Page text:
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Understanding Body Condition Scoring (BCS)

Evaluating Body Condition of a Dairy Cow

Homestead cattle have always been popular but they’re an even hotter commodity in recent years.  As I drive into town, I frequently see dairy cows on pasture.  Many of them are so skinny it wouldn’t be worth the effort to process them and they’d be worth almost nothing at auction. 

For many new homesteading families, this is their first large livestock and first cow.  Most folks have no idea what a healthy milk cow is supposed to look like.  They might have bought her in poor condition and been told by the seller that’s normal for her.  All too often, I see dairy breeds of cattle that would result in a 1-2 in Body Condition Score (BCS).  Sadly, they literally look like walking skeletons.  If they were horses, passersby would call the authorities but for dairy cows, the response is, “It’s normal”.

It’s a common misconception that ​dairy cows should look emaciated.

So, how do you know the difference between a dairy cow with a good BCS and a poor one? According to the article, “Body Condition Scoring of Dairy Cattle”, by J French, et. al, published online by the government of Ontario, Canada (2020), “Ideal condition scores are 3.0–3.25 at dry off and calving, and 2.25–2.75 at peak lactation, with no cows changing condition score class by more than 0.5–0.75 over any lactation period.

According to an online presentation by Penn State Extension, “Learn To Score Body Conditioning (BCS) For Dairy Cows“, (2017), you want to start by analyzing if your cow is under or over a BCS of 3. You will be specifically evaluating the thurl angle between the hook and pin bones found at the thigh.  The pin bones are located on both sides of the tailhead.  The hook is the forward bone of the hip.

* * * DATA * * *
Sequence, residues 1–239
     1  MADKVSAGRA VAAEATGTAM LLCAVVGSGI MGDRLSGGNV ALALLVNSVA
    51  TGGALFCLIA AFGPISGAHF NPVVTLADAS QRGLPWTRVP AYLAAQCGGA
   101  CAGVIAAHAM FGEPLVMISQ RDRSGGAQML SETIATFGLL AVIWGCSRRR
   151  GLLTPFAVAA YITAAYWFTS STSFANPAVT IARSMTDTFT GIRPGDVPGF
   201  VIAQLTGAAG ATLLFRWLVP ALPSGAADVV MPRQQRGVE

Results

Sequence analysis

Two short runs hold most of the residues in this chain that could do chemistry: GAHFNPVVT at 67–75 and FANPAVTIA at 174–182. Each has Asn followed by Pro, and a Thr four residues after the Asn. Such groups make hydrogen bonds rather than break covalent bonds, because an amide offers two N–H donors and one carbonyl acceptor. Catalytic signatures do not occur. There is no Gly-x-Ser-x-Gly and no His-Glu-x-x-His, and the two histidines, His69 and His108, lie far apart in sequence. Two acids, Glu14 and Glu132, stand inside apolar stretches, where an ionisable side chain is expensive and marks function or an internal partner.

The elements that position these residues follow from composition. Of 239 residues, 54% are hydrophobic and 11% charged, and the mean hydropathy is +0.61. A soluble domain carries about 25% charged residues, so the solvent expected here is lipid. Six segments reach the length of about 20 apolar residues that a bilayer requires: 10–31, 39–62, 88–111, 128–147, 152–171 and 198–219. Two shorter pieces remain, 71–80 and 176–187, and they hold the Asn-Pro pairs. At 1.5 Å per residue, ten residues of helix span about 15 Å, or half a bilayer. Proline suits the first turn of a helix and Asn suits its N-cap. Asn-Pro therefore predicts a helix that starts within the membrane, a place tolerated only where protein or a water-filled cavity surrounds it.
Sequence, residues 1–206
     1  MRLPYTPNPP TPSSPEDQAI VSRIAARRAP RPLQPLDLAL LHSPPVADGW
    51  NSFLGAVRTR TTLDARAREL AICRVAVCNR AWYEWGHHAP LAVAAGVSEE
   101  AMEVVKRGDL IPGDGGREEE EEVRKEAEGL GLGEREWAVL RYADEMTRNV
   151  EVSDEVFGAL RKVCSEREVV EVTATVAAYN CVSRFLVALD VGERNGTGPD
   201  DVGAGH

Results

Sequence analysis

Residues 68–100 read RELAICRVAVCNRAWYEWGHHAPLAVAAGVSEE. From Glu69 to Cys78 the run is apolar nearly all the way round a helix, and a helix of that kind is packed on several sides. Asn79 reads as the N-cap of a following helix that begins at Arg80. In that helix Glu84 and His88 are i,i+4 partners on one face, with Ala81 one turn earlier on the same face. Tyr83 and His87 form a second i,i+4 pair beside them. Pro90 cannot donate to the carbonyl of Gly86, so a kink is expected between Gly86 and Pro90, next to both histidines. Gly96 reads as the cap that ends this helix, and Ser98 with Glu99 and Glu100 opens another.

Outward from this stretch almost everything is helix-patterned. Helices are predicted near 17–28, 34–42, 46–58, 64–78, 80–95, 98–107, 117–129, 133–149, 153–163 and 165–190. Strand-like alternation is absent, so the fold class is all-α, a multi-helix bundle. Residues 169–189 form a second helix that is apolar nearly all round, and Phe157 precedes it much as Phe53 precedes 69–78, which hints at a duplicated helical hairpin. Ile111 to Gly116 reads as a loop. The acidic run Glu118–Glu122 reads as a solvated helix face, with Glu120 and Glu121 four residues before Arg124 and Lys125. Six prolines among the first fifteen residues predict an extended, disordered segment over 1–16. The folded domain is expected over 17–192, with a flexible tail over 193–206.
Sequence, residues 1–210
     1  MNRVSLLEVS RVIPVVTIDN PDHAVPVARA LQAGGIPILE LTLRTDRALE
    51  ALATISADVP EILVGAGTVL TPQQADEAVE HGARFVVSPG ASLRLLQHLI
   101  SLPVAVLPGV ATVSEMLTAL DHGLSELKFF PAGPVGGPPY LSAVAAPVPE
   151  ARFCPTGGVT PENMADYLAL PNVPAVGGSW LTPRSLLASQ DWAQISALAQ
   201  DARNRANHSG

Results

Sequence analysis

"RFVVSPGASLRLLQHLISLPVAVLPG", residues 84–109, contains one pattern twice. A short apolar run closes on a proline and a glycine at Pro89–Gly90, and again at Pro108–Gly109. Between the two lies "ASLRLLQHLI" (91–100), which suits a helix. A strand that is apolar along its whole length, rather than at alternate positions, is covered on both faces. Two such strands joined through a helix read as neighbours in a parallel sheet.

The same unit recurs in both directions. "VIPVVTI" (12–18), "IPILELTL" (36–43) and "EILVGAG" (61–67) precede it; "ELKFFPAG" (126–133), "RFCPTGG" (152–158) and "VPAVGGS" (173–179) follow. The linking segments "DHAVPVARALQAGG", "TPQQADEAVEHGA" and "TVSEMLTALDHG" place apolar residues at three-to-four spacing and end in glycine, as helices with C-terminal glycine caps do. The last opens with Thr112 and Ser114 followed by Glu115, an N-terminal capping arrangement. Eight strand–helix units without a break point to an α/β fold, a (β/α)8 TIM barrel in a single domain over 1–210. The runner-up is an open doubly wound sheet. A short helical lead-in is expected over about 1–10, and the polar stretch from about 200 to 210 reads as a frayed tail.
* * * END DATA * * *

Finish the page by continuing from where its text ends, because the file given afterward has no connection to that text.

The thurl is the vertex of the angle of the bones.  Specifically, a “V” angle is a BCS below 3 and a “U” angle is a BCS over 3.

Here are two examples: 

Photo Credit: Penn State Extension

The full-size Jersey on the left is below a BCS of 3 and the Holstein on the right is over a BCS of 3.  Even though we’re looking at that angle between the hook and pin, notice the shoulder blades.  You could practically outline the bone of the shoulder blade on the Jersey cow.  How many ribs can you count on the Jersey compared to the Holstein?

Why BCS Matters

Photo Credit: Lorinda Barnes, North Woods Homestead, LLC
  • ​Maximum milk production
  • Long-term health impacts
  • Lower risk of succumbing to disease
  • Higher reproductive success
  • Longer production life
  • Health during gestation results in healthier calves​


Practice Makes Perfect

Photo of DC Taylor’s Alpha, credit, Barker Taylor

To better understand scoring your dairy cattle review this slideshow by Penn State University on understanding BCS

Thank you for your interest in learning more about caring for your Purebred Mini Jerseys!

Terri Kluppel

About the Author

Terri Kluppel, TAK Ranch, CO has written 1 posts.

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